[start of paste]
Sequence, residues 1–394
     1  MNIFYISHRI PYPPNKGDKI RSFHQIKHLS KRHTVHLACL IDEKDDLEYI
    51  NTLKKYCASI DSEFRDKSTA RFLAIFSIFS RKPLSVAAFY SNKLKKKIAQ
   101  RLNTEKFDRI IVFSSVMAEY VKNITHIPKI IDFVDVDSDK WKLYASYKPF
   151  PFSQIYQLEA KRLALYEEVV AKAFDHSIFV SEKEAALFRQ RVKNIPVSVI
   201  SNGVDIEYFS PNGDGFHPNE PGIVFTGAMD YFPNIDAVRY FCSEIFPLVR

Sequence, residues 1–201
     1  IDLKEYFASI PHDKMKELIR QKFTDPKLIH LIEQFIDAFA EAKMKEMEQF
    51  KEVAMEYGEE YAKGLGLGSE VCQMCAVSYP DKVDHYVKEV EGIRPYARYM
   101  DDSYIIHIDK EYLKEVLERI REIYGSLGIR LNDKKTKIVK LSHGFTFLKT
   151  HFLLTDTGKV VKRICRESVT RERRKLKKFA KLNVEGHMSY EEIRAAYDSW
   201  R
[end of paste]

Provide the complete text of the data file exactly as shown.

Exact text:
Sequence, residues 1–394
     1  MNIFYISHRI PYPPNKGDKI RSFHQIKHLS KRHTVHLACL IDEKDDLEYI
    51  NTLKKYCASI DSEFRDKSTA RFLAIFSIFS RKPLSVAAFY SNKLKKKIAQ
   101  RLNTEKFDRI IVFSSVMAEY VKNITHIPKI IDFVDVDSDK WKLYASYKPF
   151  PFSQIYQLEA KRLALYEEVV AKAFDHSIFV SEKEAALFRQ RVKNIPVSVI
   201  SNGVDIEYFS PNGDGFHPNE PGIVFTGAMD YFPNIDAVRY FCSEIFPLVR

Sequence, residues 1–201
     1  IDLKEYFASI PHDKMKELIR QKFTDPKLIH LIEQFIDAFA EAKMKEMEQF
    51  KEVAMEYGEE YAKGLGLGSE VCQMCAVSYP DKVDHYVKEV EGIRPYARYM
   101  DDSYIIHIDK EYLKEVLERI REIYGSLGIR LNDKKTKIVK LSHGFTFLKT
   151  HFLLTDTGKV VKRICRESVT RERRKLKKFA KLNVEGHMSY EEIRAAYDSW
   201  R